6/12/18 3:56 PM

Can't miss

April dislikes the quality created by a paper filter, and the time and inconvenience of a French press. So by adding a filter to the press, she gets the worst at all worlds! But possibly she avoids a few grounds, which you you don't have to drink anyway.

In my lifetime I've drank so much coffee that goes through a paper filter that I don't conceive of that as a problem, but hey, I'm not a coffee blogger!

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April
Joined: 13 Dec 2003
Posts: 6420
Location: Westchester/NYC

6/12/18 7:36 PM

Dan is correct

... in his logic. If what I read was true, I probably wonít like the paper filter in the French Press.

But itís an easy test to verify the theorey. So thatís what Iíll do the coming weekend, rather than accepting the conclusion derived by Dan. ;-)

If I like the result, however unlikely according to Danís excellent logic, thereíre ready made paper filter made for French Press one can buy. So I wouldnít have to cut them every morning as Dan suggested. It would simply be like a regular French Press.

I like this morning discussion of the various coffee brewing experimentations. Brighten up the day almost as effective as a strong cup of coffee! :)

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April
Joined: 13 Dec 2003
Posts: 6420
Location: Westchester/NYC

6/15/18 7:27 AM

Verified

Today I work from home. So there's time to make another brewing experimentation.

As both Dan and myself expected, French Press with paper filter delivered similar result as AeroPress. Actually, slightly worse from one aspect. As my hand-cut paper filter didn't EXACTLY match the shape of the plunger, some sludge got through. Though it wasn't objectionable amount. So in that regard, it was a success in REDUCING the sludge. But unfortunately, it reduced the flavor considerably.

(I dumped that pot and made another one without the paper filter, the "usual" configuration. It reminded me what I like about the brew result of the French Press)

I'll do the last round of experimentation with Bialetti next week. That should conclude my coffee maker quest.

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Sparky
Joined: 08 Dec 2003
Posts: 16693
Location: Portland, OR

6/15/18 11:18 AM

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April
Joined: 13 Dec 2003
Posts: 6420
Location: Westchester/NYC

6/22/18 12:09 PM

???

The best way to cut paper filter to fit for someone strongly dislike paper filter? Thanks for sharing. ;-)

How about the best bacon in Saudi Arabia? :o)

(Hope someone who likes paper find the demonstration helpful though)

The Bialetti arrived, just in time for the weekend coffee brewing experimentation :D

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April
Joined: 13 Dec 2003
Posts: 6420
Location: Westchester/NYC

6/23/18 8:46 AM

the electric Bialetti live up to the hype. (friend of mine heard I've got a Bialetti said "oh, they're supposed to be the real deal")

Brew was just as good, if not even better than even the French Press!

But the process needs work. Right now, the electric heater is really slow. On the other hand, since it has a auto shut off, I could do other breakfast'y work in the mean time. The more daunting issue is the Bialetti itself is hot so can't be cleaned till it cools down. That makes it quite impossible to brew-n-run in the morning.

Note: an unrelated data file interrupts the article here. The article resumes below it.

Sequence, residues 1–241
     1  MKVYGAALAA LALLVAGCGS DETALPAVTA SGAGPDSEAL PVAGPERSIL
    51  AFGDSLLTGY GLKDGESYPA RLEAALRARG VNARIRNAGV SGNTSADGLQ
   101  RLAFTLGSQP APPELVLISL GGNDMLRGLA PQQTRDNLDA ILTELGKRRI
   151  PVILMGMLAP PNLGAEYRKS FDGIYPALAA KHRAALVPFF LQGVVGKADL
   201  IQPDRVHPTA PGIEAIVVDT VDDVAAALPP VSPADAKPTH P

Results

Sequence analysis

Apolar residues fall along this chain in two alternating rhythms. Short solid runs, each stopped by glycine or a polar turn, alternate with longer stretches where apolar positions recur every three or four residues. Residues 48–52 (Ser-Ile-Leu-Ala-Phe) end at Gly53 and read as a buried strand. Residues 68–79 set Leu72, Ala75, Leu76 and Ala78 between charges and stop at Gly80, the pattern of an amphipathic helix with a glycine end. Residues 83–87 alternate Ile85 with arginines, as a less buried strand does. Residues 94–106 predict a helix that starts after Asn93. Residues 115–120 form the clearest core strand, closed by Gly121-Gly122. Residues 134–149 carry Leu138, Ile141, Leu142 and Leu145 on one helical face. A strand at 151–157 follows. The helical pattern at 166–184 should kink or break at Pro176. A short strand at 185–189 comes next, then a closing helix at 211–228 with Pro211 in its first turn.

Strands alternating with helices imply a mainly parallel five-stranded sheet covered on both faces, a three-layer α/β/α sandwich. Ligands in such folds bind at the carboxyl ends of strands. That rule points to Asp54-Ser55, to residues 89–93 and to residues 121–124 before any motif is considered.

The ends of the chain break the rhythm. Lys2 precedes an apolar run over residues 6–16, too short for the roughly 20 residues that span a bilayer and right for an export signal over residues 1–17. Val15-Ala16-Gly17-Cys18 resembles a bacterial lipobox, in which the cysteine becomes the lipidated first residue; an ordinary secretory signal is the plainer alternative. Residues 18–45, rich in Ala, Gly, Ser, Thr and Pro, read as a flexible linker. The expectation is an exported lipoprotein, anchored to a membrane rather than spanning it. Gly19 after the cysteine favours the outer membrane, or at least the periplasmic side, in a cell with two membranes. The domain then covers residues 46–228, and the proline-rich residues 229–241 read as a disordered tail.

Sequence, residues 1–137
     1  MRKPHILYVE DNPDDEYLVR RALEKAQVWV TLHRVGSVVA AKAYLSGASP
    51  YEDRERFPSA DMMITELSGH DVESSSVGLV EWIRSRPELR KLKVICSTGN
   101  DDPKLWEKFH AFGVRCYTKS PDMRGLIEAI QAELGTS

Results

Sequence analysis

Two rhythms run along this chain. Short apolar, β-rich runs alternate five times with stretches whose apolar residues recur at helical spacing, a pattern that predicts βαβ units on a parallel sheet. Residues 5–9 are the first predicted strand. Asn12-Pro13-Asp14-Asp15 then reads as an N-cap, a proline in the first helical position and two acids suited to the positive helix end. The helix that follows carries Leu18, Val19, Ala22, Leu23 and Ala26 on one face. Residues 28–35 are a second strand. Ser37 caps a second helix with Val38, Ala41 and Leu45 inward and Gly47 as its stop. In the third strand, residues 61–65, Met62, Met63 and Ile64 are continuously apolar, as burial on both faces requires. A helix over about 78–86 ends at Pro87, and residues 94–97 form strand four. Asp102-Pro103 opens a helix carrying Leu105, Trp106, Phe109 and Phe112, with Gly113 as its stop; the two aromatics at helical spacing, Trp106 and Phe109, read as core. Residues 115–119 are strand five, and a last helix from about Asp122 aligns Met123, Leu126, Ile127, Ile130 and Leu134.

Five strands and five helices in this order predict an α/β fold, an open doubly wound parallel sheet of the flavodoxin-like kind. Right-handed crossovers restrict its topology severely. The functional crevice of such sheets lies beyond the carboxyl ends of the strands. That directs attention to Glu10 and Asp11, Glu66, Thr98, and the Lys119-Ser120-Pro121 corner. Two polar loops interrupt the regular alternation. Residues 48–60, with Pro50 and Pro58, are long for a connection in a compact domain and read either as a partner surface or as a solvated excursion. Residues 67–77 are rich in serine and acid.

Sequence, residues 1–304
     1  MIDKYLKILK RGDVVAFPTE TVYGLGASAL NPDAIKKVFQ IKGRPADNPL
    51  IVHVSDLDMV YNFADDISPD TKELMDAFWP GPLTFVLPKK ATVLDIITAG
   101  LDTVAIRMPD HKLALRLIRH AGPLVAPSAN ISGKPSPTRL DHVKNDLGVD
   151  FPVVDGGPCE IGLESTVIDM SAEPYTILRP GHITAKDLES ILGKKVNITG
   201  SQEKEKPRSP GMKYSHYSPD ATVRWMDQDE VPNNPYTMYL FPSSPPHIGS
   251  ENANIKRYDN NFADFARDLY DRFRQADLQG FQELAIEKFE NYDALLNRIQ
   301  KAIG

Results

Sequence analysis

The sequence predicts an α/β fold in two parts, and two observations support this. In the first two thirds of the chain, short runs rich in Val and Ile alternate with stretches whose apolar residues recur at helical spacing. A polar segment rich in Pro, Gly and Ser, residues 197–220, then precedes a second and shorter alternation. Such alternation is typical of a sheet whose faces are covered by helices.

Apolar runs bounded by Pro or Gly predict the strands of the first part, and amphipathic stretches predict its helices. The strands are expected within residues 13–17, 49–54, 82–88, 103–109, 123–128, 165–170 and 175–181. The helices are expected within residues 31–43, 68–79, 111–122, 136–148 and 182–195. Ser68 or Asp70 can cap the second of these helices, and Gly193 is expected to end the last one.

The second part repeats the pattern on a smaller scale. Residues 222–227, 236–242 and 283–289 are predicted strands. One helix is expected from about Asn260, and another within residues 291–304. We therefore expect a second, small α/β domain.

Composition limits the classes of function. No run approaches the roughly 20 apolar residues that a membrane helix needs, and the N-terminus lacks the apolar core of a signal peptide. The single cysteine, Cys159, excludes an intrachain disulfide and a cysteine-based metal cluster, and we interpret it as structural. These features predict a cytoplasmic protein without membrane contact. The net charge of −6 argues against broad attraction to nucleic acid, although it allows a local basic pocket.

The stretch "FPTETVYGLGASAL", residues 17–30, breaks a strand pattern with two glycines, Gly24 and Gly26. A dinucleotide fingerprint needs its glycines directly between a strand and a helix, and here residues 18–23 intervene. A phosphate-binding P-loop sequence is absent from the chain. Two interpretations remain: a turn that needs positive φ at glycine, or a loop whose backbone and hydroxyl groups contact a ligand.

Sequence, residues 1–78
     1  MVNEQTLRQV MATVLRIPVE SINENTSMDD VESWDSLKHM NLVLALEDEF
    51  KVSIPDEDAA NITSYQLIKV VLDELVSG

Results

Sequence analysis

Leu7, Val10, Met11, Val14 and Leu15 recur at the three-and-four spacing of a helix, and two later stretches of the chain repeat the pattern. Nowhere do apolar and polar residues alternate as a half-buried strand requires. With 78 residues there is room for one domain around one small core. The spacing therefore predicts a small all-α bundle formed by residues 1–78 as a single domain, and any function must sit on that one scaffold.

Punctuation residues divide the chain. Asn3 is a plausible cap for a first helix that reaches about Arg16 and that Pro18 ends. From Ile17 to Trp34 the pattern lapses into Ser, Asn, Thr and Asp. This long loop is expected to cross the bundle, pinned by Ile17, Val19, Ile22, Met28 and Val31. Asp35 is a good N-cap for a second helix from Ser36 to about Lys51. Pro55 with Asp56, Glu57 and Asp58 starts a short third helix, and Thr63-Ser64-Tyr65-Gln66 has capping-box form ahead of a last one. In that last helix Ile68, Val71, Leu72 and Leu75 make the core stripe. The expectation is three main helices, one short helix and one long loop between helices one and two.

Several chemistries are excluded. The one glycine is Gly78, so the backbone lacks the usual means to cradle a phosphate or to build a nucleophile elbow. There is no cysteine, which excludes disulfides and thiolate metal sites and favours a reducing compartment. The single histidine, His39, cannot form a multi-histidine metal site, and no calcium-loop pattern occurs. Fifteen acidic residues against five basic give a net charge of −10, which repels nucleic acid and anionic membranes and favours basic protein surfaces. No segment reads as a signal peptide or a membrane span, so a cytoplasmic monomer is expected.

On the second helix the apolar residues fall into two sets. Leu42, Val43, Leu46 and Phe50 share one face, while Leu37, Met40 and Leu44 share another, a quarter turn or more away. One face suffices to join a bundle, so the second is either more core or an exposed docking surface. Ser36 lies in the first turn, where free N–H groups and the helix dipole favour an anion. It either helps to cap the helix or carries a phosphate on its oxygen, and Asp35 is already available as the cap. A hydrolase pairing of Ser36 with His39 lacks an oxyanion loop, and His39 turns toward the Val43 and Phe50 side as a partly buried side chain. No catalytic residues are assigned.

It also came with a milk frosing thingy which I will try tomorrow. If that piece works, it's staying. But I might need to decide on something else as a brew-n-run option.

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April
Joined: 13 Dec 2003
Posts: 6420
Location: Westchester/NYC

6/30/18 9:41 AM

Winner!

Today I used the milk frother that came with the electric Bialetti. It's way better than the one in my old (now dead) Cappuccino maker. It froth milk in less than 30 second without needing any attention. Clean up was a no brainer too.

I'm sold. Even if it's for frothing milks only, it justified its position in my kitchen! And it also makes smooth and strong tasting coffee. So it's a clear winner!

This little workhorse is what I got: https://www.bedbathandbeyond.com/store/product/gourmia-cordless-electric-espresso-pot-milk-frother-combo-in-black/1061220638?Keyword=gourmia

I made myself a large cup of Americana. I never order that in most coffee place because I usually found the milk dilutes the coffee too much. But with the strong coffee this thing makes, it works out great with the frothed milk.

Only (but significant) drawback is it takes far longer time to make the coffee ready (albeit no attention needed). And even longer wait for it to cool down before I can clean it. Not a problem if I'm working from home, but not ideal if I'm running out the door at crack of dawn to work/ride/ski.

So it's not for the rush-out-the-door morning coffee. For that, I'll have to go for either a Kerig setup with a reusable filter or just a plain-n-simple drip coffee maker for days when I'll drink coffee of whatever quality.

Still, I can see I'll use the Bialetti far more frequently than my previous espresso maker because it's far less hassle and still very good result (for my personal taste).

Maybe one day, when I retire, I'll get another espresso maker for those really boring days that I have nothing else to do but enjoy the "fruit" of my life's labor. ;)